These Hungarian mushroom paprikash served with penne pasta is an idea for a light, romantic dinner with a glass of rosé wine; so delicious!
Table of Contents
- Let’s See the Ingredients
- Preparing the Ingredients
- How to Make the Hungarian Mushroom Paprikash?
- Serving the Paprikash
In the past, I often made this mushroom paprikash recipe because we were picking wild mushrooms, and this mushroom stew reminds me that it was unique in taste. I remember it was made very simply and quickly from coarsely chopped pork mushrooms, sautéed in oil with only onion and a little garlic, or from chanterelle mushrooms thickened with sour cream.
What particular tastes the food had then? On the off-season days, when we have no more wild mushrooms than the cultivated ones, we can still add dried mushrooms to add an extra flavour to the dish.
Why paprikash? Well, because in Hungarian cuisine, where the name comes from, a good amount of sweet paprika we added to the dish, and, usually, the preparation we thickened with sour cream at the end, like in pork shoulder stew with mushrooms and sour cream.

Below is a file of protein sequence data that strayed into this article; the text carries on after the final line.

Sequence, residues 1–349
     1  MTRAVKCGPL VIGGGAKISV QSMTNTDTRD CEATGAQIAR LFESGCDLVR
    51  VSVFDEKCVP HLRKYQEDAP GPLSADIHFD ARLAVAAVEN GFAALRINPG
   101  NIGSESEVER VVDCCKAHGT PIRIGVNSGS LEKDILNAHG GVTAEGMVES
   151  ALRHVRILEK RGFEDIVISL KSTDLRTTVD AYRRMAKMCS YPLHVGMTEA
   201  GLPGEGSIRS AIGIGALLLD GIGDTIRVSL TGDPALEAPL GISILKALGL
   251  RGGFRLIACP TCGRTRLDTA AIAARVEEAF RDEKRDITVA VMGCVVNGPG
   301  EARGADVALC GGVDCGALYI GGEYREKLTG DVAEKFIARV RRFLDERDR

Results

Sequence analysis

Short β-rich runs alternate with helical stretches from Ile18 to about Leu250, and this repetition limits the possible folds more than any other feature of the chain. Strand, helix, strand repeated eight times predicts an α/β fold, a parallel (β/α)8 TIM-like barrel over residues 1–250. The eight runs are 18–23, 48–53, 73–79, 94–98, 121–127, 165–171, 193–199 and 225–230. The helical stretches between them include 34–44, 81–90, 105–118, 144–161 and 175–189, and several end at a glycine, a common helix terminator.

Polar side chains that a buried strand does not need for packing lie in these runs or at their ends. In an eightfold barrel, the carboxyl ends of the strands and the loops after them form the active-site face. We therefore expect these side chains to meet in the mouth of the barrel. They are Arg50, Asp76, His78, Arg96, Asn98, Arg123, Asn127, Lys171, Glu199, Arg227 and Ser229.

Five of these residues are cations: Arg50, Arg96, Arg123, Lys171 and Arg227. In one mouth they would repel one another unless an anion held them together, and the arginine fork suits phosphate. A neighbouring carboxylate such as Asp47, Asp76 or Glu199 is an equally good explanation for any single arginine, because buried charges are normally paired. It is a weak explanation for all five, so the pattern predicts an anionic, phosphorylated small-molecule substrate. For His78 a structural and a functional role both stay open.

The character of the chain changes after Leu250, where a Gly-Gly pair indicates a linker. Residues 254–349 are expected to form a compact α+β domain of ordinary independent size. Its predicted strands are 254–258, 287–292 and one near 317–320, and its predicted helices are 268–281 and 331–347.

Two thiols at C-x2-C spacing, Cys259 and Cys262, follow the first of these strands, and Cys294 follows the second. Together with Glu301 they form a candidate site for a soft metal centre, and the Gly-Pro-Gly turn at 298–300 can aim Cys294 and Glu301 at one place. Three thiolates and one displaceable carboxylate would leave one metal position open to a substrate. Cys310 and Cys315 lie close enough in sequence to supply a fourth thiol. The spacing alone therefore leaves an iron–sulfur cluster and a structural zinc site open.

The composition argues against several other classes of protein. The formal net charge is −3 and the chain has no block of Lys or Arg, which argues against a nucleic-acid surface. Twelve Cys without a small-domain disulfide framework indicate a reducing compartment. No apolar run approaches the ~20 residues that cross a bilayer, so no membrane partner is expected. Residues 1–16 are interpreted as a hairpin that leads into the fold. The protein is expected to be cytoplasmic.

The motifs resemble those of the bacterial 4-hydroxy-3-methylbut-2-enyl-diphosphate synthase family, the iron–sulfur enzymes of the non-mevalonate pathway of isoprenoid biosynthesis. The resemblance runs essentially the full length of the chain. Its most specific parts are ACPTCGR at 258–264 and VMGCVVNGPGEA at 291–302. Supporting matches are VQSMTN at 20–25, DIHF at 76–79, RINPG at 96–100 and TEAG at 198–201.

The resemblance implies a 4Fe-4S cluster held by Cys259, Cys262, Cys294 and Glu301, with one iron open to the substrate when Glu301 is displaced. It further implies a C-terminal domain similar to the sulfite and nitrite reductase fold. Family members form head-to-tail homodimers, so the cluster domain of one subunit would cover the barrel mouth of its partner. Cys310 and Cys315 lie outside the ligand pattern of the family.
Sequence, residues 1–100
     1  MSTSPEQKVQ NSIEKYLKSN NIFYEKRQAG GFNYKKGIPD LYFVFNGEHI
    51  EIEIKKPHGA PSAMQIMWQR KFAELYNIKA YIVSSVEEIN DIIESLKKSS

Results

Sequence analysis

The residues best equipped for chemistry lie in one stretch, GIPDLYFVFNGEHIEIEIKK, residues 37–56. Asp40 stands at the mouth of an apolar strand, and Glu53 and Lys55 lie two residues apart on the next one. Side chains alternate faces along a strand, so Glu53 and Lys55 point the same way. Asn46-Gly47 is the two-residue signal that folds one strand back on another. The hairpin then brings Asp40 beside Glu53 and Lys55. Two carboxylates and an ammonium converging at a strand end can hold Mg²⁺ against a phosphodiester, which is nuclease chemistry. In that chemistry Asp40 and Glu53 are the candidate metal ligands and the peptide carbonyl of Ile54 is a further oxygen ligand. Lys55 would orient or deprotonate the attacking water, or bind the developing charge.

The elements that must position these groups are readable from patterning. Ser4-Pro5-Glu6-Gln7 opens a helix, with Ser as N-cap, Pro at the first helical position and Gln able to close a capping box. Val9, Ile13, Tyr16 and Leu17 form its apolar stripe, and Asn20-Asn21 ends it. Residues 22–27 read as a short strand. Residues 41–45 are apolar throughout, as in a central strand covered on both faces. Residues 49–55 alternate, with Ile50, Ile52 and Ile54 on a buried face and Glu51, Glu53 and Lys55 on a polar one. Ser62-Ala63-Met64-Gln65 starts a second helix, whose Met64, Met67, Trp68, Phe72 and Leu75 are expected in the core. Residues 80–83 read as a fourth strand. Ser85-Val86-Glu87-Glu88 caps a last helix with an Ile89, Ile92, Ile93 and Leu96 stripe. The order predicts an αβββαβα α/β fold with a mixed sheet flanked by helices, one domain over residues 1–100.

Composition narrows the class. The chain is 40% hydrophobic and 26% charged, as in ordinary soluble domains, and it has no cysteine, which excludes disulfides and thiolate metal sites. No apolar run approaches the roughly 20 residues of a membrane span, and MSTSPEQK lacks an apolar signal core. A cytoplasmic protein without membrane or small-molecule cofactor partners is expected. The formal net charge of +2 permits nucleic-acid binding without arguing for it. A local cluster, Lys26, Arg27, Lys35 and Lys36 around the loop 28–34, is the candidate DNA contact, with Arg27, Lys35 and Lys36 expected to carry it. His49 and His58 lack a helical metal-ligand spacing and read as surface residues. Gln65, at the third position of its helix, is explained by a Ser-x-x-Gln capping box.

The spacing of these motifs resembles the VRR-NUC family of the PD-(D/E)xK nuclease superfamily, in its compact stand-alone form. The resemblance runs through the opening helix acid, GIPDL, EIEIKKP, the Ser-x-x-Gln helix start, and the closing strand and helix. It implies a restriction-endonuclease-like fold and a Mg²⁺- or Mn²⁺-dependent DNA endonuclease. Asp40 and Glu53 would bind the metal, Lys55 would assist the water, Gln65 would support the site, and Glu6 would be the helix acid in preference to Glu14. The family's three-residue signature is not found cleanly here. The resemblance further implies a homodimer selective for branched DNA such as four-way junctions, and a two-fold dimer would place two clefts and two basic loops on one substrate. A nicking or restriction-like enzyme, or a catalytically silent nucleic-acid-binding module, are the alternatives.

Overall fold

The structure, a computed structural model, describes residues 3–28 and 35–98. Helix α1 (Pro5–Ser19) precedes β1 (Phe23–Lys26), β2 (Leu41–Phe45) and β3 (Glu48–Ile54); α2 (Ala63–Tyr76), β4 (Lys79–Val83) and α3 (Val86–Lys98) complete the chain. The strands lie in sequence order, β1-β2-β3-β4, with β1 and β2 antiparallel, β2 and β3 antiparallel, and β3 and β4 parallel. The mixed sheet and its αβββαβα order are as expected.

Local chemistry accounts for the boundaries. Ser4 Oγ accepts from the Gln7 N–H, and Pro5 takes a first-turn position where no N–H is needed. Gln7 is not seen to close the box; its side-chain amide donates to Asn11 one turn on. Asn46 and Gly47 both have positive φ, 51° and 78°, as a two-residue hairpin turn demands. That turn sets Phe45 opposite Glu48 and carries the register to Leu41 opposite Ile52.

Let’s See the Ingredients
Today I will make this tasty Hungarian mushroom paprikash recipe from chestnut mushrooms because they have a more pungent taste than the white ones, champignons. You need 500 g (1 lb) of chestnut mushrooms, from which you will get about 3-4 servings of paprikash; for two portions, half is enough.
Because I like to combine flavours, I will add 200 g (7 oz) of smoked bacon to the recipe; you will feel the difference when you enjoy your dish. Of course, if you want to cook a vegetarian version, you can not use bacon.
Otherwise, I will use a medium-sized yellow onion, a sweet red pepper, half a bunch of parsley and 150 ml (5 floz) double cream to get a creamy consistency.
Preparing the Ingredients
Because mushrooms are the main ingredient, I’ll start with them. I do not wash the mushrooms in water but only clean them of dust or dirt with a brush, then slice them coarser. Some, I saw that they peel the skin from the mushroom hat; it doesn’t make sense, as a lot of aroma and vitamins will be lost, leaving them like that.
I chopped the onion finely because I will sauté it, and I want it to soften faster and not predominate in the stew.
I will also cut the smoked bacon, you can cut it into cubes, but I cut it into irregular pieces; however, they will shrink after the fat in them melts.